“We have to venture off the beaten track towards the lesser known villages; great wines are made in Santenay, in Savigny-les-Beaune, in Pernand-Vergelesses for half or one-fifth of the price compared to the Volnay or Vosne Romanée premier crus. It’s a big mistake to think that if we want to drink proper wine, then we have to choose Volnay premier cru,” says renowned Burgundy expert Clive Coates MW.
What are the 2010 wines like? On a 20-point scale, Clive Coates gave 18.5 for the reds and 16.5 for the whites. That means it’s outstanding for reds and very good for whites. Indeed, every serious Burgundy expert agrees with this. The slenderness, livelier acids and lower alcohol generally strengthen the impression that the wines are more elegant. But don’t we have to pay for this by tolerating a lack of ripeness? Almost never. The 2010 wines are like as is written in the big book of Burgundy: sparkling, transparent, fruity, floral and airy. Beside the freshness and fruitiness, what strikes you when tasting them is their subtlety, silky texture and balance. Nothing is too much and nothing is too little. It’s as if they were envoys of a higher civilization.


Burgundy in our selection

 
The 2010 wines of three Burgundy wineries are available in our selection, and there are still a few bottles from the outstanding 2009 vintage available from them. All the three represent ambitious youth, although their style, philosophies and attributes differ greatly.
The most well-known name is perhaps Thibault Liger-Belairé, but it’s only partly off his own bat. Domaine du Comte Liger-Belair belongs to the historical estates of Burgundy’s history. It was founded in 1815 by Louis Liger-Belair, one of Napoleons generals, and possessed such outstanding holdings as La Tâche, which is today one of the gems of Domaine de la Romanée-Conti. Storms of inheritance and history chopped up the estate and the majority of it fell out of family hands. Comte Liger-Belair was reborn in 2001 and almost at the same time, in 2002, the former wine merchant Thibault Liger-Belair started his own winery. The core of the 7-hectare estate are the plots located in Nuits-Saint-George.
Thibault Liger-Belair is a giant of a young man, which would be discourteous to note but for his excuse that his wines are also heavy in Burgundian terms. He works in accordance with the principles of biodynamic cultivation and he doesn’t use any chemicals. Wherever it is possible, he ploughs with a horse. It’s easy to fall for his wines: on top of the curvaceous body, they are fruity, well-structured, full of life and long. In blind tastings they always score beyond their price point, and thus they became favourites of the wine media in no time. Reduction strongly put its stamp on the 2009 wines when they were young. This note is reminiscent of animality, which divided our customers. In 2010, as if his world has turned around, the wines became clear: their nose is captivatingly fruity, spicy and floral, while the balance is perfect and the tannins taut as they should be. According to the winemaker himself, it’s the best vintage of his life which is endorsed – from the entry level Bourogne to the grand cru Richebourg – entirely by his wines. The big classic of the winery that encapsulates their virtues is the Les Saint Georges.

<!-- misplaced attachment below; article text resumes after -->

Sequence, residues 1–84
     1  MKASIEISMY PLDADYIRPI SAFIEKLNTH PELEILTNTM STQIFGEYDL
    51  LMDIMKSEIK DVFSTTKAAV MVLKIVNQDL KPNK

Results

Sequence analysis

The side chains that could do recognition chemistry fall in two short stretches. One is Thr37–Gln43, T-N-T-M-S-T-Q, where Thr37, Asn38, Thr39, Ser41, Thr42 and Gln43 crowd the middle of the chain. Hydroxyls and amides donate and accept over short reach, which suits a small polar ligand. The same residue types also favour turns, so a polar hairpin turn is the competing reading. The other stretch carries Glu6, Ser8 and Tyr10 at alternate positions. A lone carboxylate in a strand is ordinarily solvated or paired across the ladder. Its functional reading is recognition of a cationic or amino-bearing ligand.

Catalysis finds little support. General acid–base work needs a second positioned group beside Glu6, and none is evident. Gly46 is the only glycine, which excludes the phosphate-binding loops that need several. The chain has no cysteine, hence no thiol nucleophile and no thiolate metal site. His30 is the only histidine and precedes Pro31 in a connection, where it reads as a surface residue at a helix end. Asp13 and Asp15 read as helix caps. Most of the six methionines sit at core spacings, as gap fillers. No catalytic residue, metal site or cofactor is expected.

Among the three of them, the youngest is David Croix. He is the face of engineer-like precision. His work and wines are characterised by attention to every single detail, and sobriety. He became the chief winemaker of one of the leading Burgundy estates, Maison Camille Giroud, at a very young age. The Bourgogne Aujourd’hui magazine named him “discovery of the year” in 2007. The majority of the plots are in Beaune, the vineyard work has been organic since 2008, while winemaking is carried out with minimal intervention. In his 2009 wines, there was a slight trace of the effect of new wood, but by 2010 David Croix also went up a level and with the Cent Vignes he created one of the affordable classics of the vintage. For those who would only like to try one Burgundy from our 2010 selection, we recommend this one: it’s airy, sparklingly fruity, subtle and elegant.
Philippe Pacalet is the most enchanting of the trio. Regarding non-interventionism, he is the most radical. He only uses sulphur at the time of bottling. He doesn’t have his own vineyards, but strictly oversees that everything is carried out in accordance with the requirements of organic cultivation – as well as his own expectations – in his rented vineyards. It was also an important consideration that the fruit growing there should belong to the Pinot Fin clone that yields little and that the vines are at least 45-years-old.
His wines are exciting and fragile. It’s as if someone removed a filter from the lens of the camera: new shades of colours and flavours open up. Fragility is true in both the positive and negative sense; it’s not just that his wines are ethereally subtle but also increasingly vulnerable because of the low sulphur levels. He made one of the most beautiful wines of our 2010 Burgundy offering, in which the elusive sensuality of Chambolle Musigny evokes Debussy’s Faun.